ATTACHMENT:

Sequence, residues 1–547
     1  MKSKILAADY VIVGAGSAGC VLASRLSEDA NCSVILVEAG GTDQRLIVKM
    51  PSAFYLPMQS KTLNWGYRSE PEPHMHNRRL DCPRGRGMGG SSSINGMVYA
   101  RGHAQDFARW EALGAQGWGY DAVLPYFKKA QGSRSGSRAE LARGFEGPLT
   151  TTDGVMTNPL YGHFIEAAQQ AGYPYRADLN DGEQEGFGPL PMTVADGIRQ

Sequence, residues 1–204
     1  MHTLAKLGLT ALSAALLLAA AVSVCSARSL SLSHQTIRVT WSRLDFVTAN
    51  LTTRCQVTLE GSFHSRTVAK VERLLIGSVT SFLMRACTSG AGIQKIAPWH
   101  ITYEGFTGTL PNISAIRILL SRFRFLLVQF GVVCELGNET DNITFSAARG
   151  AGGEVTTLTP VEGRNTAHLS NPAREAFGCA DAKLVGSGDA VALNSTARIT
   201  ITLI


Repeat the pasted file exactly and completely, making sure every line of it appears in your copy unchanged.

Sequence, residues 1–547
     1  MKSKILAADY VIVGAGSAGC VLASRLSEDA NCSVILVEAG GTDQRLIVKM
    51  PSAFYLPMQS KTLNWGYRSE PEPHMHNRRL DCPRGRGMGG SSSINGMVYA
   101  RGHAQDFARW EALGAQGWGY DAVLPYFKKA QGSRSGSRAE LARGFEGPLT
   151  TTDGVMTNPL YGHFIEAAQQ AGYPYRADLN DGEQEGFGPL PMTVADGIRQ

Sequence, residues 1–204
     1  MHTLAKLGLT ALSAALLLAA AVSVCSARSL SLSHQTIRVT WSRLDFVTAN
    51  LTTRCQVTLE GSFHSRTVAK VERLLIGSVT SFLMRACTSG AGIQKIAPWH
   101  ITYEGFTGTL PNISAIRILL SRFRFLLVQF GVVCELGNET DNITFSAARG
   151  AGGEVTTLTP VEGRNTAHLS NPAREAFGCA DAKLVGSGDA VALNSTARIT
   201  ITLI